Editor's Note: Scott City boys basketball coach Glenn O'Neil provided The Telegram access to his team, staff and himself during Saturday's lead-up to the Class 3A State Championship game at the Hutchinson Sports Arena.



HUTCHINSON — It's 1:30 a.m. on Saturday, March 10, nearly four hours after the Scott City Beavers had defeated Rock Creek in the Class 3A boys semifinal basketball tournament.

Beavers' assistant coaches Scott Holt, a 31-year veteran of the school district and a 16-year aide to head coach Glenn O'Neil, and Brian Gentry, in his fifth season on the staff, have just completed their scouting report on Nemaha Valley, the team they would face for the state title in less than 17 hours.

The Beavers had an 11:30 p.m. lights out at the Ramada Inn Conference Center following their win, thus giving hope that the 12-man team would have its best opportunity for a solid night of rest.

The two assistants had taken one Nemaha Valley game video and their own observations in compiling the scouting report. They also had watched the Raiders rally in the second half to defeat Central Heights in the other semifinal. The Raiders would have the luxury of about three hours extra rest for the championship tipoff.

Game Day

7:30 a.m. — Coaches and players find their way to the continental breakfast room and for the next hour, players come and go. With no set menu, players and coaches select a wide range of items. They are careful, though, not to indulge as they will be heading to a local gymnasium mid-morning for their game-day shootaround.

For the next hour and a half, players simply return to their hotel rooms (four to a room) and relax, getting as much rest as possible, chatting with each other and thinking about the opportunity that will be presented to them in about 10 hours — a chance to repeat as the Class 3A state champions.

9:40 a.m. — The Scott City activity bus, with longtime driver Jan Tucker behind the wheel, makes the short drive to Trinity High School for the all-important shootaround. This 75-minute time frame will serve to be the planning for how the Beavers will face a Raiders team that the coaches describe as "like no team we've played before."

Morning practice

10 a.m. — Every player is on the court, having gone through stretching exercises to prepare for their short session with O'Neil and his staff.

Clearly, Glenn O'Neil is running the show. He has his scouting report on a paper, which he periodically pulls from his pocket to review and then is back to instructing his team. This is the scouting report on the Nemaha Valley Raiders, a team with a 23-2 record compiled against mostly 3A and 4A schools.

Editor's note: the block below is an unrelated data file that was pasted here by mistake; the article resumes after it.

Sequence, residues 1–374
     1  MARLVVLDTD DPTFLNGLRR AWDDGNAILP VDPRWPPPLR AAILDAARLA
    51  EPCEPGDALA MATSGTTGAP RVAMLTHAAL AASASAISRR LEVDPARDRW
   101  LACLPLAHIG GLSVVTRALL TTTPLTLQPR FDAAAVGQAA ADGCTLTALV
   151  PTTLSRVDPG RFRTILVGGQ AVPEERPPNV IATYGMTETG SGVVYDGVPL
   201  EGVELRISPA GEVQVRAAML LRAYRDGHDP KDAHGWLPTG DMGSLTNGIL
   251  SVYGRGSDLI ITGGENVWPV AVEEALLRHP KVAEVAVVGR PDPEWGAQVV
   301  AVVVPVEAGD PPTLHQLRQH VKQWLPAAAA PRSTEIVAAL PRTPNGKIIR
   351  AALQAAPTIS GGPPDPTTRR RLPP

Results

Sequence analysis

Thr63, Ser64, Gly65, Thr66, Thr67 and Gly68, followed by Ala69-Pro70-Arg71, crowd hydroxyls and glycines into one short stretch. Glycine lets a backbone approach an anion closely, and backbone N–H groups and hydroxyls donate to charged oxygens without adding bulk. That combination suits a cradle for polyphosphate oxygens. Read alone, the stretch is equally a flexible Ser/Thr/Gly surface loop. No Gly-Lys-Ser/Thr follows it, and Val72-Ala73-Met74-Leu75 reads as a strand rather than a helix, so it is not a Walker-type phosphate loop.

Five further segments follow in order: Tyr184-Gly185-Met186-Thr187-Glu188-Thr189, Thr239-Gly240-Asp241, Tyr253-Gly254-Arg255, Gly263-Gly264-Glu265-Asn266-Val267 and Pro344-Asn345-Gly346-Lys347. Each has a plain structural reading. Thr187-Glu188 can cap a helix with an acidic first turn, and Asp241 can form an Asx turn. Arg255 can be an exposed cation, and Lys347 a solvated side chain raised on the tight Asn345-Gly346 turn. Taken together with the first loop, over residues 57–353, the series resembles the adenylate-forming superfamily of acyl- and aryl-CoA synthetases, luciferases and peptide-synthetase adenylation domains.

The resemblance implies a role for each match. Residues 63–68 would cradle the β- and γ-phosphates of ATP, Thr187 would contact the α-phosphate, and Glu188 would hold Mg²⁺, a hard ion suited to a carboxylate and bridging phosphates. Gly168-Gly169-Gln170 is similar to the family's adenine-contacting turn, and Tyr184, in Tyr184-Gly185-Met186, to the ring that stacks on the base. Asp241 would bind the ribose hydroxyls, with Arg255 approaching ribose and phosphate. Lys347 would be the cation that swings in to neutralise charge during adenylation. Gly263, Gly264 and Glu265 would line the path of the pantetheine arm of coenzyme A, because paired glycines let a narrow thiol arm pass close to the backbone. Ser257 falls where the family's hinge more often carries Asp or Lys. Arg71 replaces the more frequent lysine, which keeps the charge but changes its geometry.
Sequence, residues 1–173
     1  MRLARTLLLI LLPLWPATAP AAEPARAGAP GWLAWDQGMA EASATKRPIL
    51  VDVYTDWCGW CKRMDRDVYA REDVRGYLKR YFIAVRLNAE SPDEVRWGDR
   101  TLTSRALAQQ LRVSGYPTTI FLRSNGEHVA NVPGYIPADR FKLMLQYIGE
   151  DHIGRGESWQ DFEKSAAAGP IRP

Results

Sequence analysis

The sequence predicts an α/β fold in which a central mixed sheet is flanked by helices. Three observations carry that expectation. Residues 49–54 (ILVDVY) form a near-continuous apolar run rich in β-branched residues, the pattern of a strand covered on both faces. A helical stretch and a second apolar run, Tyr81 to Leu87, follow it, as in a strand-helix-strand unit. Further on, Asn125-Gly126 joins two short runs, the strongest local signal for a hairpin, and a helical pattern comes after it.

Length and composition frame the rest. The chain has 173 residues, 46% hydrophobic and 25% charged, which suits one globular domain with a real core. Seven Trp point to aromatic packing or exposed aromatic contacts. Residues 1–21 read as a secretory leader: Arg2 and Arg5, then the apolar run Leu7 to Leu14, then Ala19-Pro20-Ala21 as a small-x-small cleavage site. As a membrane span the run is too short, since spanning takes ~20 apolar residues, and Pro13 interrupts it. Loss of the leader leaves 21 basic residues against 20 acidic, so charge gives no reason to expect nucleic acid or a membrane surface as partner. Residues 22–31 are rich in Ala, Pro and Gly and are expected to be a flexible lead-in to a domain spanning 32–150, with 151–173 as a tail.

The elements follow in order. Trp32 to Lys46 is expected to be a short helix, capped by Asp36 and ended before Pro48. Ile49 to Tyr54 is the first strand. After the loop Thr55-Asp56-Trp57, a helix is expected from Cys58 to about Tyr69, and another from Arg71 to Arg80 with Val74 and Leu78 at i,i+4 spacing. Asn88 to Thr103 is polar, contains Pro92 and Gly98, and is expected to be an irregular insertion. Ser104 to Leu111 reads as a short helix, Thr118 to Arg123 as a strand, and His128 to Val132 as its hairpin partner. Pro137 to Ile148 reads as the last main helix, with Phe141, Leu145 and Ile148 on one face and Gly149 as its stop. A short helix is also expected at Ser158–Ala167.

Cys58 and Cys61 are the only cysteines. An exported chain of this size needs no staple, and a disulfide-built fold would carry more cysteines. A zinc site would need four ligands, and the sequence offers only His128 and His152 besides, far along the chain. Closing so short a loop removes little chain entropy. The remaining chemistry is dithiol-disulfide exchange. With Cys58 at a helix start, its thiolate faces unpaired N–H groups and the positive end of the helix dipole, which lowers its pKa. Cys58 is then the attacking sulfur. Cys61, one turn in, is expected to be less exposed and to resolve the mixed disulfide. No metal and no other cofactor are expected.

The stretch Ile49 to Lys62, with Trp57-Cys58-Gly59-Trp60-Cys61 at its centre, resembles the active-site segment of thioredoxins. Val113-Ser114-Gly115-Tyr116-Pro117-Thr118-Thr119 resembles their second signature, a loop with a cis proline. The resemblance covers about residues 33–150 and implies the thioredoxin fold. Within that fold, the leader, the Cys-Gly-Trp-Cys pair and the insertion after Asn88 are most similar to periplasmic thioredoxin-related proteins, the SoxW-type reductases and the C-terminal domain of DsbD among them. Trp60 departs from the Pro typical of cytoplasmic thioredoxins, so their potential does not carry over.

The first focus is on the Raiders' offense.

"They've got the big three that carry them," O'Neil said, referring to Nemaha's Trent Olberding, Alex Hermesch and Creighton Brinker. "We've got to be aware of their inside players, they like to block shots. They're patient and well-coached. We've gotta be ready."

For the first few minutes, the Beavers seem lethargic as they go through their opening layup drill. O'Neil doesn't like what he sees.

"Surely we don't have to run to get you guys to pay attention," O'Neil barked out from mid-court as he watches the simple drill. "Let's get with it, we have to be focused."

The players, this time, do respond. The intensity level picks up and the focus is clearly there.

"Remember, this is a team that is battle-tested," O'Neil reminds his team. "They're not like anybody you've played. They are a slimmed-down version of Beloit (Scott City's first-round victim). They have a lot of length that will create challenges for us."

O'Neil singles out Nemaha's Brinker, a slender 6-5 junior postman, when discussing strategy.

"No. 30 (Brinker), he's had nine blocked shots and we need to knock his butt out, get our body into his and get him out of the way," O'Neil says demonstratively. "They're well-schooled defensively, so you're gonna have to use a ball fake. The one thing you need to remember about them is that they don't panic when they get down. They're not a deep team, so we want to get up on them early and we want to control the tempo with our defense. We have to be patient on defense, work hard, they will pass the ball 10 to 15 times before they take the shot they want."

11:15 a.m. — The shootaround, walk-through, scouting session is complete. The team huddles at center court and simply ends it with raised hands and chanting, "1-2-3, finish."

Anthony Wilson, a 6-1 junior reserve and transfer from Greeley County, played on the 2011 Jackrabbits Class 1A-Division II championship team.

"It's been a fun season, a lot different," Wilson says of his first year with the Beavers. "The speed of the game and the physicality is much different. I think it's just a lot of excitement to able to play in a state championship game."

Lunch, rest

11:30 a.m. — The short bus ride takes the team and coaches to the nearby Sirloin Stockade for lunch.

A big buffet with a variety of food greets the players. Tables have been reserved near the back of the restaurant for the Beavers. With no set menu for the players, they each get to select the foods that are most appealing to them. And they eat plenty of it. The coaches believe it best to allow them to eat foods they like. It is where the team ate prior to its 2011 championship.